Schumer and Ocasio-Cortez said this marks real progress in their larger disaster declaration support efforts, but that New York families will have to apply for these dollars when available, and that these families can prepare now.
“Families across New York are already paying the ultimate price with the tragic loss of their loved ones to the coronavirus,” said Schumer. “For families, the unspeakable loss of a loved one is being exacerbated by the substantial costs of funerals and burials that many cannot afford right now. This historic use of FEMA’s funeral assistance program helps ensure those grappling with this crisis are not also saddled with the financial burden of exorbitant funeral costs.”
“Millions of people across the country and thousands of New Yorkers have lost loved ones due to the pandemic and adding significantly to the emotional and financial burdens they were already dealing with. In the complete lack of adequate federal support, the least we could push for was for financial assistance to families burying their loved ones during this pandemic. After fighting for this relief all year, New Yorkers can now give their loved one a proper burial without going into debt,” said Ocasio-Cortez.
The senator and the congresswoman made a push to get the word out about the new funds and explained how families will be able to access them via a FEMA rollout that will begin soon.
Schumer and Ocasio-Cortez explained that their respective offices stand at the ready to help families navigate and secure this new benefit, and they want to get the word out that this federal relief is now a reality amid this crisis and will soon be open for application.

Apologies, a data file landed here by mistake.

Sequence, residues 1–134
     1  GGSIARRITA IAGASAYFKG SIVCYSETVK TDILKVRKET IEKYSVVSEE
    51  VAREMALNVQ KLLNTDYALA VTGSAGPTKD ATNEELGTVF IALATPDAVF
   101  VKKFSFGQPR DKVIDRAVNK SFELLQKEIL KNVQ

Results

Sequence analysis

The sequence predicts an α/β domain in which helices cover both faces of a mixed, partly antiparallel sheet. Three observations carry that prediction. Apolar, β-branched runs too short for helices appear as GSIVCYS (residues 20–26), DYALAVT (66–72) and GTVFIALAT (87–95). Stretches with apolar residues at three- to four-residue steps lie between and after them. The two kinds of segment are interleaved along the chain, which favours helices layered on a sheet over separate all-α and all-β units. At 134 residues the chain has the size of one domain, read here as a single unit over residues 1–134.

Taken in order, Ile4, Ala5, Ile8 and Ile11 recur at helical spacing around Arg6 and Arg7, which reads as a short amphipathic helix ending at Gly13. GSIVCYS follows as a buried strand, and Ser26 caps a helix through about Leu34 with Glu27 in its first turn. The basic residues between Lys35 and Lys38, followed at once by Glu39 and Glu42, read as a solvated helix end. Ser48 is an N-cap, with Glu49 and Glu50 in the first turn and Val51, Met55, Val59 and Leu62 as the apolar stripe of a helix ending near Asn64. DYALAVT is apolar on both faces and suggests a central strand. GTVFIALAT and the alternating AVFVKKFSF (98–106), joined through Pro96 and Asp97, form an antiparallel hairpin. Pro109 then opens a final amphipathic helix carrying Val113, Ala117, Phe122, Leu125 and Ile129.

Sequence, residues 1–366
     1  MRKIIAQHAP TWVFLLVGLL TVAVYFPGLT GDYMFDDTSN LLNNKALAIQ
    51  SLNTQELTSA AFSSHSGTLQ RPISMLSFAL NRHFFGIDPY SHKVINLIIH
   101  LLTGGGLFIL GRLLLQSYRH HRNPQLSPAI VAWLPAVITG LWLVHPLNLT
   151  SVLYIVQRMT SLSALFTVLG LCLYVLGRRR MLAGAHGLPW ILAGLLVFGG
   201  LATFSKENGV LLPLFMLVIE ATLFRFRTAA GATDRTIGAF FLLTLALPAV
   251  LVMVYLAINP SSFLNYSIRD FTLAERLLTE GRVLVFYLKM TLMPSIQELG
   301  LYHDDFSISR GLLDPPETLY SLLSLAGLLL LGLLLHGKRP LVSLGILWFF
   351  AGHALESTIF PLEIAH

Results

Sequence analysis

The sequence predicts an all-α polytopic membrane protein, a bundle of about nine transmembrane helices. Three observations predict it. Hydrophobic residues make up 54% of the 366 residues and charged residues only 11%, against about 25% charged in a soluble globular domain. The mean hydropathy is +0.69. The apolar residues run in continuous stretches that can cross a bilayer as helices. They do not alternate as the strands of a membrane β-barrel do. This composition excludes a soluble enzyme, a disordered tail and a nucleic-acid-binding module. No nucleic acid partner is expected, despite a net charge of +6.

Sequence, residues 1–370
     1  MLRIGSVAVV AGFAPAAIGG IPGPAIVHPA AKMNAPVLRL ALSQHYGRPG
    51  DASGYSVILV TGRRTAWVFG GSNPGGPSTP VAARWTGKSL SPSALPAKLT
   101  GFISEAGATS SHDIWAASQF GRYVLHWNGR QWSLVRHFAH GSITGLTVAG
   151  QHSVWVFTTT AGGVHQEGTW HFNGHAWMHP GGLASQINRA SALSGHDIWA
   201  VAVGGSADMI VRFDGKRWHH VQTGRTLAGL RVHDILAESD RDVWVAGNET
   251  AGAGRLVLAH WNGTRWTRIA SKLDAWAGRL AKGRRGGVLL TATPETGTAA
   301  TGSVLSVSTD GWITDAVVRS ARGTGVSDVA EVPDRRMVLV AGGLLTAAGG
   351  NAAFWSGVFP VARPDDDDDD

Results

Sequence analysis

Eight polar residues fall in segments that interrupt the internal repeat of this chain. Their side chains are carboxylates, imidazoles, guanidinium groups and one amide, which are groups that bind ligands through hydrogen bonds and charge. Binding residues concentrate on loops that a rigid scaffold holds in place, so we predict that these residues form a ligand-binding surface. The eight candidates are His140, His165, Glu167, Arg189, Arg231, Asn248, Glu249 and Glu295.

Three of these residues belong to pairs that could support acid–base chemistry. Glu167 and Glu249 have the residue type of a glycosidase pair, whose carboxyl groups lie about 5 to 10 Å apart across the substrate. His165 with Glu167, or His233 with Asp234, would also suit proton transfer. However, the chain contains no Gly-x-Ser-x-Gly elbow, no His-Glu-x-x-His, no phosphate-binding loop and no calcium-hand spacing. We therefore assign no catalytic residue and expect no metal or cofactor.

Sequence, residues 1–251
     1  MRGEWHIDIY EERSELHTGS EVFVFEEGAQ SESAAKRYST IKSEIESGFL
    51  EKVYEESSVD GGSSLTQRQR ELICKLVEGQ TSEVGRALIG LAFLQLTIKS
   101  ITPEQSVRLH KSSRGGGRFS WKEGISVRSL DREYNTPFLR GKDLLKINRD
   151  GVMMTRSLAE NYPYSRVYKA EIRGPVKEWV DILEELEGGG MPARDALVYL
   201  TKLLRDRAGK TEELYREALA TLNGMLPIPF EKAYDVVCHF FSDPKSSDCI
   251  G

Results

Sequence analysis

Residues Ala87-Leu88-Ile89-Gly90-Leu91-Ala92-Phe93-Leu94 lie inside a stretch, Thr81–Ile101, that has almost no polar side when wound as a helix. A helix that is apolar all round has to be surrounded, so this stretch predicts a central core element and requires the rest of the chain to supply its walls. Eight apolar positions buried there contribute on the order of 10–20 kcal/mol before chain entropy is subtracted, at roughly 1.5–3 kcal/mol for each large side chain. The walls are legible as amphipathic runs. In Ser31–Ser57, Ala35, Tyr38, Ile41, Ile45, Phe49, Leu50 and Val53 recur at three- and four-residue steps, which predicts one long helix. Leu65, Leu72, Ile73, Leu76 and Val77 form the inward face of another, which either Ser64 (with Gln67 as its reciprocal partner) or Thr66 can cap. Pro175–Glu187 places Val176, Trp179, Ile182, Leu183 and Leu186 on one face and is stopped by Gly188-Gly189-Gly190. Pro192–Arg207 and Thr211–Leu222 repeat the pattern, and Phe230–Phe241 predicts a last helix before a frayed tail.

Moya Hosts Rezoning Hearing
City Councilmember Francisco Moya, Chair of the Subcommittee on Zoning and Franchises, and the rest of the committee are holding a hearing on Tuesday.
The hearing will discuss rezoning applications throughout the city, including a few in Queens.
For more information, see the agenda for details.
The remote hearing will take place on Tuesday, February 9 at 10 a.m. in Virtual Room 1.
Meng Introduces Bipartisan Divided Families Reunification Act
U.S. Rep. Grace Meng, the new Vice Chair of the House Appropriations Subcommittee on State and Foreign Operations, and U.S. Rep. Van Taylor (R-Texas) introduced the bipartisan Divided Families Reunification Act that seeks to help Korean American families reunite with their loved ones in North Korea.
Since 1985, 21 family reunions have been held between North and South Korea. But Korean Americans who may have family members in North Korea have not been able to participate.
The legislation urges the U.S. Secretary of State to consult with his or her South Korean counterpart to identify opportunities for Korean Americans to participate in future reunions, including by video. It also encourages the Special Envoy on North Korean Human Rights Issues to work with the Korean American community to identify those same opportunities.
“There are nearly two million people of Korean descent in the U.S including many in my district in Queens, New York,” said Meng. “I have had the honor to meet some of the divided Korean American family members, and it breaks my heart that their chance of a reunion with their loved ones grows less likely each day. Many of them are in their 70s-90s, and time is of the essence to be reunited with their families. We have the technology and resources to make this happen – we just need the leadership to see this through.”